Prospecting for Marine and Coastal Biodiversity: International Law in Deep Water?

Prospecting for Marine and Coastal Biodiversity: International Law in Deep Water? Current Legal Developments and Shorter Articles Prospecting for Marine and Coastal Biodiversity: International Law in Deep Water? Gadtan Verhoosel* Institute for Environmental and Energy Law, Collegium Falconis, Katholieke Universiteit Leuven, Belgium ABSTRACT Although formally covered by the Convention on Biodiversity (CBD), the protection of marine and coastal ecosystems has been somewhat neglected in the post-UNCED era. The Jakarta Mandate has redirected attention to marine and coastal biodiversity. The CBD had conceived benefit-sharing as an economic incentive for the goals of conservation and sustainable use to be implemented by developing countries. Benefit-sharing can only be implemented if developing countries can control their marine and coastal genetic resources with regard to bioprospecting activities through prior informed consent, and if developed states are legally obliged to take the necessary measures with the aim of sharing the revenues from the utilisation of marine and coastal genetic resources and transferring biotechnology. This article examines the potential impact of the relevant LOS Convention provisions concerning marine scientific research and technology transfer on the benefit-sharing regime for marine and coastal genetic resources. Introduction: From the 1992 Convention to the Jakarta Mandate The negotiations preceding the conclusion of the Convention on Biological Diversity (CBD) had almost http://www.deepdyve.com/assets/images/DeepDyve-Logo-lg.png The International Journal of Marine and Coastal Law Brill

Prospecting for Marine and Coastal Biodiversity: International Law in Deep Water?

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Publisher
Brill
Copyright
© 1998 Koninklijke Brill NV, Leiden, The Netherlands
ISSN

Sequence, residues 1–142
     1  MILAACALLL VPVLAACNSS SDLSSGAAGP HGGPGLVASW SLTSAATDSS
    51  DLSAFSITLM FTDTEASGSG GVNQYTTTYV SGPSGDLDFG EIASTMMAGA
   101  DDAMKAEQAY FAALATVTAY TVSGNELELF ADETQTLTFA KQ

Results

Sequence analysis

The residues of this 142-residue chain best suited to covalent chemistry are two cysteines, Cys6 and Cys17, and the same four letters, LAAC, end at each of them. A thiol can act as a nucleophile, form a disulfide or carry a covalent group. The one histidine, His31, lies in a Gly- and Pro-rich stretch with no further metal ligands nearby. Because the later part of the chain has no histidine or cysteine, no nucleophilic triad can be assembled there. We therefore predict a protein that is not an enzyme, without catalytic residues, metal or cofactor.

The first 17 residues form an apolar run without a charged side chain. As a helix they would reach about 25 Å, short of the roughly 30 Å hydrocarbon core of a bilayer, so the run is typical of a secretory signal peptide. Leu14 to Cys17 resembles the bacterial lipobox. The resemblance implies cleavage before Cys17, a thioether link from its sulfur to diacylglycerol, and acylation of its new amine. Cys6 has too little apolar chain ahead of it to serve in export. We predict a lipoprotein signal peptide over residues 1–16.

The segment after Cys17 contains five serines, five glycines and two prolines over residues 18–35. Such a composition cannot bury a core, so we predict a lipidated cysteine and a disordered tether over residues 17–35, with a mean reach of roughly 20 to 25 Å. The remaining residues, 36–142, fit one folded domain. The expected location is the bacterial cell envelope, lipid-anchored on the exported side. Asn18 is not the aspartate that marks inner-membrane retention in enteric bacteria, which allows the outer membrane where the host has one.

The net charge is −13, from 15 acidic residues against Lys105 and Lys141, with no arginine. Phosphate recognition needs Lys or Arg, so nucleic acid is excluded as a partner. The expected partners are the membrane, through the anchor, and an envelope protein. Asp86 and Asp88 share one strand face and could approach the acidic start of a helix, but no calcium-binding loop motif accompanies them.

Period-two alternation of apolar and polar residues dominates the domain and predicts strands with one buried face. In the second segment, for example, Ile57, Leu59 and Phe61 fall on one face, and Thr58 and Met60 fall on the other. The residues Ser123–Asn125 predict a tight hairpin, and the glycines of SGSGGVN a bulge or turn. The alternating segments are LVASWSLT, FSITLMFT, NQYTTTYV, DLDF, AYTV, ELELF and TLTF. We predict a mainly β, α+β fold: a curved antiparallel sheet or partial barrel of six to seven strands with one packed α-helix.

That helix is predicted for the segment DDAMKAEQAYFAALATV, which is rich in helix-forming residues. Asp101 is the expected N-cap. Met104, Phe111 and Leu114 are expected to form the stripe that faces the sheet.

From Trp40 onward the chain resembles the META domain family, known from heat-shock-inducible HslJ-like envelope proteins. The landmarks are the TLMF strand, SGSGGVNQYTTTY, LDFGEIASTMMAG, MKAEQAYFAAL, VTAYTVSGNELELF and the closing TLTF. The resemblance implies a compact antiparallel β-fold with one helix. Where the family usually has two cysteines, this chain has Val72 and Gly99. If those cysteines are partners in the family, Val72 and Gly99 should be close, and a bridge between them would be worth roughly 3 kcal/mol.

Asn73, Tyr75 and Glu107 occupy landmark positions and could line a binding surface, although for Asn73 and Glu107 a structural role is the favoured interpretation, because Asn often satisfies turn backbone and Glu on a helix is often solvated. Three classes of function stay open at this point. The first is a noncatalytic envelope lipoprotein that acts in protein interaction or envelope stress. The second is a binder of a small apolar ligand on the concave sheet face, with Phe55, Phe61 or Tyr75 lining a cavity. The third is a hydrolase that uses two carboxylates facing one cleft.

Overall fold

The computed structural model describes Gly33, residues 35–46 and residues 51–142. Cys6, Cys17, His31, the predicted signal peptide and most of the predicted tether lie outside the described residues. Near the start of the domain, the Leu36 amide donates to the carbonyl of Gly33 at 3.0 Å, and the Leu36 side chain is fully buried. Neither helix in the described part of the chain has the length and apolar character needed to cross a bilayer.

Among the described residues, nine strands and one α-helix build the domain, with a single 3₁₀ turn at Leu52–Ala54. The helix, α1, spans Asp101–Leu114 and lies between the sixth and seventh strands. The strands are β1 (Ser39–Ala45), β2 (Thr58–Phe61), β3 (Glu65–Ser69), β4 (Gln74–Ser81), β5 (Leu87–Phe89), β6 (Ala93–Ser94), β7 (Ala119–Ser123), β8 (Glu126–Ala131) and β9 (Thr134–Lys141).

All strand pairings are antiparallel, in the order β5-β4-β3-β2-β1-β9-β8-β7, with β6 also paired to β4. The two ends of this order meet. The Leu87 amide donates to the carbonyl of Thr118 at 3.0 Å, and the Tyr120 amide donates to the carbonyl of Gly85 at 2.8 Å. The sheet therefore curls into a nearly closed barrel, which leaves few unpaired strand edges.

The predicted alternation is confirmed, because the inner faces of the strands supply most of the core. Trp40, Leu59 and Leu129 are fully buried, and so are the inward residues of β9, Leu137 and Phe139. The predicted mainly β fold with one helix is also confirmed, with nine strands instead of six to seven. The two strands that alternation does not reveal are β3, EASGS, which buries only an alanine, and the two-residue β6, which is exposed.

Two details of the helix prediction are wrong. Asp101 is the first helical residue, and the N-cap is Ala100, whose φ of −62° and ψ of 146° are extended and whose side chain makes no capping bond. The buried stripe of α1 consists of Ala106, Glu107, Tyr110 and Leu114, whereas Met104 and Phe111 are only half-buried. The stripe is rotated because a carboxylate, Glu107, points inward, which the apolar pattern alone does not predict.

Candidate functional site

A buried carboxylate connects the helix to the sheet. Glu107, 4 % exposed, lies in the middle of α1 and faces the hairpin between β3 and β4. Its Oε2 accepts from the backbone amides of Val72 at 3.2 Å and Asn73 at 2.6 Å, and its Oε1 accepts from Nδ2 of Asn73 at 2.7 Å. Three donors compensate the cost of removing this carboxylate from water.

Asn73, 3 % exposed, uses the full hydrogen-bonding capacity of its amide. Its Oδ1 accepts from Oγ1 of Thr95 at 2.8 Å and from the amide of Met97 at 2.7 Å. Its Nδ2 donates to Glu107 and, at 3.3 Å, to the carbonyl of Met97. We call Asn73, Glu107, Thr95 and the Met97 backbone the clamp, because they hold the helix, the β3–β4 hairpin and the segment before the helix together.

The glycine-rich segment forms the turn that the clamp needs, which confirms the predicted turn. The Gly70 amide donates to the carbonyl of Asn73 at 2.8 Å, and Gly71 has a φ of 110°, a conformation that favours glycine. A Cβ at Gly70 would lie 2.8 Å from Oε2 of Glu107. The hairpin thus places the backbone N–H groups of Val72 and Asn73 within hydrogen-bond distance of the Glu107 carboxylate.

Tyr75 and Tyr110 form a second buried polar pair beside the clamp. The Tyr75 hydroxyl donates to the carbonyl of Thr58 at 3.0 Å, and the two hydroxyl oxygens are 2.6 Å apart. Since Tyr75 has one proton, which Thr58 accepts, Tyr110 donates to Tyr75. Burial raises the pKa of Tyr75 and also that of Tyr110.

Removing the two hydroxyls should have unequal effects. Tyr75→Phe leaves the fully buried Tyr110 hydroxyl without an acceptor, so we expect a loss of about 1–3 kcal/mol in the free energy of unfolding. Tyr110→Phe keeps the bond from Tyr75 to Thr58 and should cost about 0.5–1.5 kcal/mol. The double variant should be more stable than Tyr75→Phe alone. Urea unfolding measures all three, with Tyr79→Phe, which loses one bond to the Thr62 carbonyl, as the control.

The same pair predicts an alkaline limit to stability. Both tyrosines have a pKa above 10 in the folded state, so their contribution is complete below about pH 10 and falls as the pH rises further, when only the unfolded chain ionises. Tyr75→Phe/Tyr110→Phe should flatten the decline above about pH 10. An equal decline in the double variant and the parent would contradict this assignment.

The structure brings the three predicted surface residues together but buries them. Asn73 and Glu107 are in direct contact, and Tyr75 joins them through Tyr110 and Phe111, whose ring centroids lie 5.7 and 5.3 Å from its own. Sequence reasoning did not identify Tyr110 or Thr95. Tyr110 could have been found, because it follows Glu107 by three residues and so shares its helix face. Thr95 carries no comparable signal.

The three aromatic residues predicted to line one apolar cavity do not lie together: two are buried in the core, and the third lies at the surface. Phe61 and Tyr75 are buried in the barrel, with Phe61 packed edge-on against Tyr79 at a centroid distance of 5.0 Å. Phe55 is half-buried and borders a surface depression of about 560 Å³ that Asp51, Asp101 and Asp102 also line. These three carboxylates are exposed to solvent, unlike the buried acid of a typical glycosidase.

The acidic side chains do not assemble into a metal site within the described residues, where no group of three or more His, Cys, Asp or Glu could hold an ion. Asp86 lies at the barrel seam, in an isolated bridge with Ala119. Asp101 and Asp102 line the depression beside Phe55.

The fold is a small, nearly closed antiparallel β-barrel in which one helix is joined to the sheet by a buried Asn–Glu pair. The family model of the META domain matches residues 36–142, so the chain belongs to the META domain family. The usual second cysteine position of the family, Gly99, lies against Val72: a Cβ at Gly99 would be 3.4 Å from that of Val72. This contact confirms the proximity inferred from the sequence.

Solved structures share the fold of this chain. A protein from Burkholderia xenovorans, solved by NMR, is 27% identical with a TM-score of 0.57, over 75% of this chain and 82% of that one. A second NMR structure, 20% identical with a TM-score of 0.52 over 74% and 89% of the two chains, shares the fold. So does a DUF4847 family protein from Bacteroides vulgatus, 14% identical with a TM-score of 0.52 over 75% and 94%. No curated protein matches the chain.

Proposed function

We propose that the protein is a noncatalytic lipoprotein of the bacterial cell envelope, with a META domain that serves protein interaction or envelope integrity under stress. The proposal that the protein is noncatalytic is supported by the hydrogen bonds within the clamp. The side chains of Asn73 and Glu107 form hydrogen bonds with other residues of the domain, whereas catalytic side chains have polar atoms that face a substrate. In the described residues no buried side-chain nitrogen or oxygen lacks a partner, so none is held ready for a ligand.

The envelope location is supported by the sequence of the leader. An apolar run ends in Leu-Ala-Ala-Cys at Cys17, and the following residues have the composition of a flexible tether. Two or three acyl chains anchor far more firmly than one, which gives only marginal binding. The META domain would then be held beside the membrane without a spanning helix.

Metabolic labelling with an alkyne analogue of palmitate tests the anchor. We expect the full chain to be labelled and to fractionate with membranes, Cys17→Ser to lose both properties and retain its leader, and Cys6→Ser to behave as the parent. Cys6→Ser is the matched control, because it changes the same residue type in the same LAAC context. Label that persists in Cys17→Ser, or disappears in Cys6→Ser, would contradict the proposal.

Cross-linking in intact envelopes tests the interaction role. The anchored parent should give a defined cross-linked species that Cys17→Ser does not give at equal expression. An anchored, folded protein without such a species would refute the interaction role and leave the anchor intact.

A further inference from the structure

0927-3522
eISSN
1571-8085
D.O.I.
10.1163/157180898X00058
Publisher site
See Article on Publisher Site

Abstract

Current Legal Developments and Shorter Articles Prospecting for Marine and Coastal Biodiversity: International Law in Deep Water? Gadtan Verhoosel* Institute for Environmental and Energy Law, Collegium Falconis, Katholieke Universiteit Leuven, Belgium ABSTRACT Although formally covered by the Convention on Biodiversity (CBD), the protection of marine and coastal ecosystems has been somewhat neglected in the post-UNCED era. The Jakarta Mandate has redirected attention to marine and coastal biodiversity. The CBD had conceived benefit-sharing as an economic incentive for the goals of conservation and sustainable use to be implemented by developing countries. Benefit-sharing can only be implemented if developing countries can control their marine and coastal genetic resources with regard to bioprospecting activities through prior informed consent, and if developed states are legally obliged to take the necessary measures with the aim of sharing the revenues from the utilisation of marine and coastal genetic resources and transferring biotechnology. This article examines the potential impact of the relevant LOS Convention provisions concerning marine scientific research and technology transfer on the benefit-sharing regime for marine and coastal genetic resources. Introduction: From the 1992 Convention to the Jakarta Mandate The negotiations preceding the conclusion of the Convention on Biological Diversity (CBD) had almost

Journal

The International Journal of Marine and Coastal LawBrill

Published: Jan 1, 1998

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